In a new FAQ last week, OFCCP provided federal contractors with guidance on employment preference for American Indians (Native Americans). Specifically, OFCCP acknowledges for the first time that contractors can legally offer employment preference to “Indians living on or near an Indian reservation in connection with employment opportunities on or near an Indian reservation.”
To determine if an area is “near” an Indian reservation, OFCCP notes that includes “where a person seeking employment could reasonably be expected to commute to and from in the course of a workday.” Should this apply to a position, and the contractor publicly announces its preference in employment to Indians, this would not violate the equal opportunity clause.
OFCCP offers a number of additional pieces of guidance throughout the FAQ. Some of the more prominent insights include:
- Federal contractors may NOT extend Indian preference to a specific Native American tribe
- If the Indian preference has been publicly announced and the employer has a sufficient number of qualified Native American applicants, they do not need to consider non-Indian applicants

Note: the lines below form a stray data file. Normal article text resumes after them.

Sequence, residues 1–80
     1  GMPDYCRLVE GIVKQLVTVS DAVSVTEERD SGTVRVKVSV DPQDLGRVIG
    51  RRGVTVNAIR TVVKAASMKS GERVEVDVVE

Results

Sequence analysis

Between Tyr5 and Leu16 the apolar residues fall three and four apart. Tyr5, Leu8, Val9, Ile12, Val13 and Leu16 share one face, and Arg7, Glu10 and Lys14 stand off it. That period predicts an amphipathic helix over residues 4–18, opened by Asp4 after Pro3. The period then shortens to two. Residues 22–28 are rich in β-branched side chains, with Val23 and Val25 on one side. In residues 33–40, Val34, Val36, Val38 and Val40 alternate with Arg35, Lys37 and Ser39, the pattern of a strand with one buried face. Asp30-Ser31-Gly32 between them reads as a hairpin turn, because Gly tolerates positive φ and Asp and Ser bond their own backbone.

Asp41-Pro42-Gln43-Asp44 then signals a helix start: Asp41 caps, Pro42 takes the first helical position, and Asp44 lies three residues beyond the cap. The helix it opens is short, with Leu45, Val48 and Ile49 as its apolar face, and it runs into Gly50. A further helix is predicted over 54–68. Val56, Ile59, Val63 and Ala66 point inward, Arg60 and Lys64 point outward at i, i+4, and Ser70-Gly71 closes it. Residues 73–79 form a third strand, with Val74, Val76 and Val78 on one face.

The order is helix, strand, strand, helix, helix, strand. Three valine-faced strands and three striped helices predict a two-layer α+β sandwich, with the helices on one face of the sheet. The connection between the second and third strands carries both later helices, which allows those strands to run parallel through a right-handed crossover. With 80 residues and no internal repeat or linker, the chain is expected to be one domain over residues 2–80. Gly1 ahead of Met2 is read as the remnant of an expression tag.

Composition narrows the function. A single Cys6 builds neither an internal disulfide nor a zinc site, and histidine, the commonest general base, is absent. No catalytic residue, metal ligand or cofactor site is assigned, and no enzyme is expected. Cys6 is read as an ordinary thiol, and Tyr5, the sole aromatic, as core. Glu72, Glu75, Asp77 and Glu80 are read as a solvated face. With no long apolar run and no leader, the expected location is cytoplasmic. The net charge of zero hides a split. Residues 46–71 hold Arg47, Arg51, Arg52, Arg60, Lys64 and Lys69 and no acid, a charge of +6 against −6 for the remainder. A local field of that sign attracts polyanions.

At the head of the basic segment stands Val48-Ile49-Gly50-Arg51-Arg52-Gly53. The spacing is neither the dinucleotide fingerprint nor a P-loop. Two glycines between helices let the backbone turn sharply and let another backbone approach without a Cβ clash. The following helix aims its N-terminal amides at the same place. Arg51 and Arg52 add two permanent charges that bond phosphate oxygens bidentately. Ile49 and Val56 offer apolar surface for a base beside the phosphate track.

- Employers should use the same self-ID collection for race and ethnicity they would if there was no Indian preference
Indian preference is not limited only to hiring. Federal contractors may expand this preference to a variety of employment-related actions. Beyond hiring, the preference permission includes promotions, terminations, reinstatement, layoffs, and reductions in force.
As with other outreach focuses, federal contractors should look to build relationships with these groups. Contacting local organizations specializing in helping Indian/Native American job seekers is vital. It is important to keep in mind, qualified individuals must be living “on or near an Indian reservation,” regardless of where the outreach group is located.
If you’re looking for assistance contacting diversity groups – including those focused on Indians/Native Americans – contact us to learn about LocalJobNetwork’s database of more than 20,000 community-based organizations. As with all OFCCP obligations, be sure you also understand what documentation is required for compliance as well.